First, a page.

Imagine the Implications…
Apparently, there’s a new computer program that can identify certain types of jokes within a body of text. Or so says the Wall Street Journal, if you can believe that rag.
The scientists gave their program a database of words and examples of how the words can be related to each other. When the program analyzes a passage, it uses that knowledge to find a word that doesn’t fit with the words around it. When an outlier appears, the program checks a pronunciation guide for similar-sounding words that would make better sense in the sentence. If a more logical term is identified, the program flags the sentence as a pun.
New Scientist offers the example of a boy who tells his mother that he has been in the garden so much because “teacher told me to weed a lot.” The program recognizes that “weed” doesn’t go well with “teacher” and that the similar-sounding “read” would be a better fit. As far as the scientists are concerned, the computer gets the joke.
This makes humor sound so technical and boring that I almost never want to hear another joke. It’s like someone explaining to you the chemical reasons that you have “the feelings” for a certain person, or telling you that candlelight isn’t really romantic, that there’s a physiological reason and it’s involuntary, and you’re like “shut up already!”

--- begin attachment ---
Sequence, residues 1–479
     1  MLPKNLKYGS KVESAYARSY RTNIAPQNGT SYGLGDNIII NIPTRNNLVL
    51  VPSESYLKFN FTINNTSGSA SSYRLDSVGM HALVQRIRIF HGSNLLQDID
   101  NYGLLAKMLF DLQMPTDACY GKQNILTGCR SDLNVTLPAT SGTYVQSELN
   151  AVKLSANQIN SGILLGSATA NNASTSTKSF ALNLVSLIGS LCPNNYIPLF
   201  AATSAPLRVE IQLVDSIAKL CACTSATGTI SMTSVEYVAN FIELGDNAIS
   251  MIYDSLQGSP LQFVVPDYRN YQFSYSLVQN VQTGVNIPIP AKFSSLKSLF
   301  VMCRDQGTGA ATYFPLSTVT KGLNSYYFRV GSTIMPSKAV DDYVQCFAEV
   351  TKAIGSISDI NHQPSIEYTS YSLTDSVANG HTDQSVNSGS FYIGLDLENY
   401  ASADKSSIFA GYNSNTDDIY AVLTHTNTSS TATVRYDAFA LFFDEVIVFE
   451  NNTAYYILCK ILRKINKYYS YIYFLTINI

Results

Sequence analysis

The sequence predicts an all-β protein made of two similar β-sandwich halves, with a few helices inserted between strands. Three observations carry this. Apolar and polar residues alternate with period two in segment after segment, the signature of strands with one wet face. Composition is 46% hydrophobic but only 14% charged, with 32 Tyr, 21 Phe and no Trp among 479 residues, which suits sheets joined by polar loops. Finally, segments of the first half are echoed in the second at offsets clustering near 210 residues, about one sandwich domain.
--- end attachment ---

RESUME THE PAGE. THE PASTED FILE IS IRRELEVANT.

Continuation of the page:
But still, maybe we should look at the practical implications of such technology…
If computers can apply logical processes in the service of recognizing jokes, maybe this can have implications for the online daters among us. Maybe a search engine could be specialized to weed out actual senses of humor from perceived senses of humor. Or we could enact the “personality filter” to generate a list of profiles where actually having a personality instead of having friend who think you’ve got a great personality ranks you higher in search results.
Oh, Brave New World. Send us the tools we need for success.